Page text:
Saturday, March 7, 2015

Nangara Notes



I’ve been making an attempt at learning the water-fern species. The deeper and wetter gullies inside Nangara Reserve at Jindivick are cool, dim and peaceful places to explore and whilst the ferns mosses and fungi perhaps don’t rival those in the more well known ‘rainforest’ gullies a little higher up, there is plenty here to entertain the beginner. Besides, just to walk knee-deep in ferns is such a pleasure.
 
A very pleasant location - fern gully at Nangara Reserve, Jindivick


Fishbone Waterfern
Blechnum nudum is an abundant and widespread water-loving fern. Fishbone Waterfern is a popular nursery fern. In the wild its creeping underground rhizomes can produce large, near impenetrable colonies.
 
Fishbone Waterfern habit.
The broad lance-shaped fronds with the longer leaves in the middle, black stems on the very different fertile fronds and the basal leaves growing perpendicular to the stems are some features that help distinguish this fern.
 
Sporangia on a fertile frond of a Fishbone Waterfern, (darker stipe, narrower pinnae).

The leaves at the base of the fronds are at right angles to the stem.



Gristle Fern
Similar to the above, this fern is distinguished by its broad coarse fronds and leaves, dark scale on the base of the stems and basal leaves growing at an acute angle to stems.
 
Gristle Fern habit.
Blechnum cartilagineum is not as widespread a species as Fishbone Waterfern, and at Nangara the colonys are not as extensive. It can be found a bit further away from the creeks too. Some of the young fronds are often an attractive pink/bronze colour.
 
New leaves on the Gristle Fern grow at an angle to the stipe.

In Tasmania, Gristle Fern is a listed threatened species.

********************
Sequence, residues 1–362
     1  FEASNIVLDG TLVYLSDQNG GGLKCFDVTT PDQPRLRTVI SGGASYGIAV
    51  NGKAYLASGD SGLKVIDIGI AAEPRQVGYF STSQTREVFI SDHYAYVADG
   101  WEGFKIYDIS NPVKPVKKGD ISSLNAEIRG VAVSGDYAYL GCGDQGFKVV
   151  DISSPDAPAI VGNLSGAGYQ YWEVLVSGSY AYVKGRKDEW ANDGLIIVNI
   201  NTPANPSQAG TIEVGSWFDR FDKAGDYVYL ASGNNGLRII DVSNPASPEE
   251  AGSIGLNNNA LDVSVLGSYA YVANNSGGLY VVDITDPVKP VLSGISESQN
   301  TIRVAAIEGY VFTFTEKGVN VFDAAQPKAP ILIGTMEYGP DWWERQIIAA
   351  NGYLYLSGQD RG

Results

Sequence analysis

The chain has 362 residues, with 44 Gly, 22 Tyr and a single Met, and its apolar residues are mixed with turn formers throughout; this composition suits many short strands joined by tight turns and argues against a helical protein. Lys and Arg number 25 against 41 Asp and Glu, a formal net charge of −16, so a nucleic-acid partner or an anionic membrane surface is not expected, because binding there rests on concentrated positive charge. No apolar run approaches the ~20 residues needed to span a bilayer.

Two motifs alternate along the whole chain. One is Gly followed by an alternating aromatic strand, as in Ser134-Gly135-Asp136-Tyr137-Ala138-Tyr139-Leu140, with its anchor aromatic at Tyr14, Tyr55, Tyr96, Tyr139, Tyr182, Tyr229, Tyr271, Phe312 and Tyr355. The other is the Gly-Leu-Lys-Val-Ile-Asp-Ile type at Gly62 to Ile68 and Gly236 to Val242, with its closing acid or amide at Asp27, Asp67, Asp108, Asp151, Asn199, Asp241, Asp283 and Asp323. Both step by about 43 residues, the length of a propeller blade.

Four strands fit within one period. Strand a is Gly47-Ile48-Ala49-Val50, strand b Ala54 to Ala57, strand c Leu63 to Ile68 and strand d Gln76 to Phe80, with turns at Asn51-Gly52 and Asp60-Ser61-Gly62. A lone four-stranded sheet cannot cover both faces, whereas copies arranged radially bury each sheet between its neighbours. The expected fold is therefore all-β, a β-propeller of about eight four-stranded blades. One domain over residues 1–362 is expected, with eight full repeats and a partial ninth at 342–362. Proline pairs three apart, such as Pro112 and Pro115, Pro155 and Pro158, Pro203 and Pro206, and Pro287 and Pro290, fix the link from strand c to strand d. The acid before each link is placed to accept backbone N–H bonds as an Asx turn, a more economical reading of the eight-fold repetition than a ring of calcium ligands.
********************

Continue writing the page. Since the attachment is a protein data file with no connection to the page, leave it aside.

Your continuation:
More on ferns shortly.
Gouldiae

4 comments:

  1. I love this! I'm learning about trees and plants at the moment and am shocked at the realisation that I have no idea about so much of what surrounds me in the bush. This makes me want to pay closer attention to the ferns I see (and there's plenty of them in subtropical QLD).

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  2. G'day CP,
    Yes, so much to look at and learn about. I have the distinct feeling I've started too late. Good luck with your researches up there.
    PW

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  3. I wonder how it got the name gristle (or cartilagineum).

    Do you know of a good reference for ferns ID? I suspect my 1975 Ferns of Victoria and Tasmania is probably out of date.

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  4. G’day Mosura,
    My text reference is not much newer than yours but is invaluable – Australian Ferns and Fern Allies, DL Jones and SC Clemesha, Reed pub, 1982. Readily purchased online.
    Of course there are numerous online sites –
    1 Pteridophytes: The Ferns and their Allies, Aust Nat Herbarium, http://www.anbg.gov.au/fern/
    2 Morwell National Park, (a useful key), www.morwellnp.pangaean.net/
    3 Friends of Tarra Bulga, http://friendsoftarrabulga.org.au
    4 Ferns of the Canberra Region, www.home.aone.net.au/byzantium/ferns/
    Enjoy,
    PW.

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